GHOST OF CHRISTMAS YET TO COME- This unspeaking spirit is played by Bill Croft, who also filled the role of Luther, a Store Detective who gets fired by Ebbie on Christmas Eve.  

THE SCAVENGERS who robbed everything in the vicinity of Scrooge’s unmourned corpse in the novel become instead callous Emergency Room nurses who couldn’t care less to see a fallen tycoon like Ebbie pass away. 

SCROOGE’S MORNING-AFTER CONVERSION is one of the weakest, if not THE weakest, renderings of Scrooge’s Christmas Morning happiness in any version of A Christmas Carol. Lucci is not a great actress in any of her other scenes, either, but she becomes painful to watch here. She portrays Ebbie’s joy over getting a second chance at life as unconvincingly as a Dobson’s department store mannequin faking an orgasm.

REUNION WITH NEPHEW FRED- This is pretty heart-warming as Ebbie shows up at Niece Fran’s house on Christmas Day to at long last accept one of her yearly invitations to Christmas Dinner. An added bonus is a heart-breaking card that Ebbie’s sister left to her daughter regarding her love for the child’s Aunt Ebbie.  

HEAD-GAME WITH BOB CRATCHIT – The telefilm closes with Ebbie’s visit to her niece’s house on Christmas Day so in place of it we got an earlier scene in which Ebbie shows up at the Cratchit house with a turkey, gifts and a promotion for Roberta.

I will say again that this version tries very hard so it’s difficult to dislike, but it falls short in a lot of ways. I kept thinking that it might work better as a stage musical, in fact, since songs always help patch together otherwise unsalvageable versions of the Carol.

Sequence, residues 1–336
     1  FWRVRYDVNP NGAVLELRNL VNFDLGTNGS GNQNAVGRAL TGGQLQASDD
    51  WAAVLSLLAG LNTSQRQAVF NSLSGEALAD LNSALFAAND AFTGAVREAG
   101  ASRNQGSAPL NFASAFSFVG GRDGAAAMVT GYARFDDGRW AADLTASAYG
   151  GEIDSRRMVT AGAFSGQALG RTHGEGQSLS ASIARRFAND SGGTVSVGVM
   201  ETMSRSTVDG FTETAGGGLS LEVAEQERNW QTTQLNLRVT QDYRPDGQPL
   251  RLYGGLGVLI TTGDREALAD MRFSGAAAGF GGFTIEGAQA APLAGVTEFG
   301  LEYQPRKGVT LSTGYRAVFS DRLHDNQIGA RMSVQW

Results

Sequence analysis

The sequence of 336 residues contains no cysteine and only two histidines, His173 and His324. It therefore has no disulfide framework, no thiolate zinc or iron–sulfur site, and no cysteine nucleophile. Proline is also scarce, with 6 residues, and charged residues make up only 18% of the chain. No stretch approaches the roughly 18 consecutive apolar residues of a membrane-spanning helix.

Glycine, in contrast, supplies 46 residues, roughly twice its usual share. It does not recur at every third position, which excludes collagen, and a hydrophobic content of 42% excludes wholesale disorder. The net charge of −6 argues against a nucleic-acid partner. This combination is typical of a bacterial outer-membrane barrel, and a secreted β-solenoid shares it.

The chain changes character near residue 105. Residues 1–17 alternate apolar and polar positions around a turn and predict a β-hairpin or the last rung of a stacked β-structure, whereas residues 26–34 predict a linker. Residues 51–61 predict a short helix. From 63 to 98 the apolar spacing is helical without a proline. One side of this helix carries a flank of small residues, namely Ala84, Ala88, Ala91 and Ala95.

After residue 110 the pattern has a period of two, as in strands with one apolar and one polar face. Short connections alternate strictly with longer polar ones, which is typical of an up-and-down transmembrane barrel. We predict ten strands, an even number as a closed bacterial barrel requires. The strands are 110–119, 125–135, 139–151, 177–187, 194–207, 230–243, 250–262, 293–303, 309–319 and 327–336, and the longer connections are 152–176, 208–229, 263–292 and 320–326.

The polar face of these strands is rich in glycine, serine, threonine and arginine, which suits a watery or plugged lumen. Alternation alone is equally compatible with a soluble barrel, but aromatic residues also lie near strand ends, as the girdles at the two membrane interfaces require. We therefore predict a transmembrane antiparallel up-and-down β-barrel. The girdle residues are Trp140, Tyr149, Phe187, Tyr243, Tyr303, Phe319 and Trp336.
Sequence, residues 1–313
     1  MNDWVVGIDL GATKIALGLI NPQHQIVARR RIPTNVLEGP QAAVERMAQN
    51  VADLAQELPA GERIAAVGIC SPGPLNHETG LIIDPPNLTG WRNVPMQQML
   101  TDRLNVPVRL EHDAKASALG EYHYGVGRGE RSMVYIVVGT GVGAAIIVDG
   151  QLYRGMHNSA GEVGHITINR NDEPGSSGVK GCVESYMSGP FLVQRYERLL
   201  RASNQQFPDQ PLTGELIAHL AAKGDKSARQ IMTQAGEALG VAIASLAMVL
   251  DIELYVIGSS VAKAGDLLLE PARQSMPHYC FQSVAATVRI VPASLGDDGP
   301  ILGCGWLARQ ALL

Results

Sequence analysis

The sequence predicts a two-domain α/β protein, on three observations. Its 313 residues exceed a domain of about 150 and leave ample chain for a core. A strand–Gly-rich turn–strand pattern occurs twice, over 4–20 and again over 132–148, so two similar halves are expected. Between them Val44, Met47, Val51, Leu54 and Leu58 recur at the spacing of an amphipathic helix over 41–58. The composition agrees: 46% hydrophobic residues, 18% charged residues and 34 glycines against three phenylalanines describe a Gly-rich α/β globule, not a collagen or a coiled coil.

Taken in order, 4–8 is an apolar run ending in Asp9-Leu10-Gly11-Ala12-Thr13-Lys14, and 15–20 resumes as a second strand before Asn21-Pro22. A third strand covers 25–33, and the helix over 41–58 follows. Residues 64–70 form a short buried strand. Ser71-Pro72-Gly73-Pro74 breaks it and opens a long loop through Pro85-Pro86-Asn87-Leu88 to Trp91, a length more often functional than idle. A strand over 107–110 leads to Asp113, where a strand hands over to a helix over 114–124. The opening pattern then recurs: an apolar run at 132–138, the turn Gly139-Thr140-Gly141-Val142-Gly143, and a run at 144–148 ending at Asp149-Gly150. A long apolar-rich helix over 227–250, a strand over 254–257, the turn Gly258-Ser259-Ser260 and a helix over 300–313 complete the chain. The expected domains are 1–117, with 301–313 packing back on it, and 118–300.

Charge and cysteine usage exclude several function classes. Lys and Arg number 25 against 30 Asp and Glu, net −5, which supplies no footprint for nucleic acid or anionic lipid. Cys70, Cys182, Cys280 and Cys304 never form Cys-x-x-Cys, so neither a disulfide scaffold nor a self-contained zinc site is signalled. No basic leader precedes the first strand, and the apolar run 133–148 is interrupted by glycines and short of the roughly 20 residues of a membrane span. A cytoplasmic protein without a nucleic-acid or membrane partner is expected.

None of the performers seem the least bit impressive and that adds to the amateurish feel in what could have been a classic. Lucci’s (apparently) undying beauty can cover up the supporting cast’s shortcomings just so much.

Usually having a bunch of unrecognizable faces in a film helps the viewer lose themselves in the character being played, but only if the thespian involved has a reasonable level of talent. The bunch of stiffs backing up Susan Lucci in Ebbie seem like they were dragged out of the Federal Witness Protection Program and forced to perform at gunpoint.

This movie is also available on video as Miracle at Christmas: Ebbie’s Story. ++

FOR DOZENS MORE VERSIONS OF A CHRISTMAS CAROL CLICK HERE:  https://glitternight.com/category/a-christmas-carol-2/

© Edward Wozniak and Balladeer’s Blog, 2016. Unauthorized use and/or duplication of this material without express and written permission from this blog’s author and/or owner is strictly prohibited. Excerpts and links may be used, provided that full and clear credit is given to Edward Wozniak and Balladeer’s Blog with appropriate and specific direction to the original content. 

 

Advertisements

4 Comments

Filed under A CHRISTMAS CAROL

4 responses to “EBBIE (1995): CHRISTMAS CAROL-A-THON CONTINUES

  1. Garrett Kieran

    I was considering checking this one out for a while, as well as the one called “Ms. Scrooge” with Cecily Tyson. I haven’t seen either yet, though.

    • Ebbie’s not bad. Ms Scrooge I go back and forth on, though. I reviewed John Grin’s Christmas last week, the Robert Guillaume adaptation of A Christmas Carol, plus on Christmas Day I ran my review of Scrooge & Marley, the gay version. Just letting you know since you seem to like A Christmas Carol as much as I do.

  2. Garrett Kieran

    Maybe I’d better see this “Baby Boom” movie you mention first.

    • That would not be necessary. Ebbie mostl jsut runs with the kind of “corporate” cliches we all got used to – even by 1995 when Ebbie was made. If you ever saw an episode of the short-lived television series version of Baby Boom with Kate Jackson in the Diane Keaton role you would have the gist of it.

Leave a Reply

Fill in your details below or click an icon to log in:

WordPress.com Logo

You are commenting using your WordPress.com account. Log Out / Change )

Twitter picture

You are commenting using your Twitter account. Log Out / Change )

Facebook photo

You are commenting using your Facebook account. Log Out / Change )

Google+ photo

You are commenting using your Google+ account. Log Out / Change )

Connecting to %s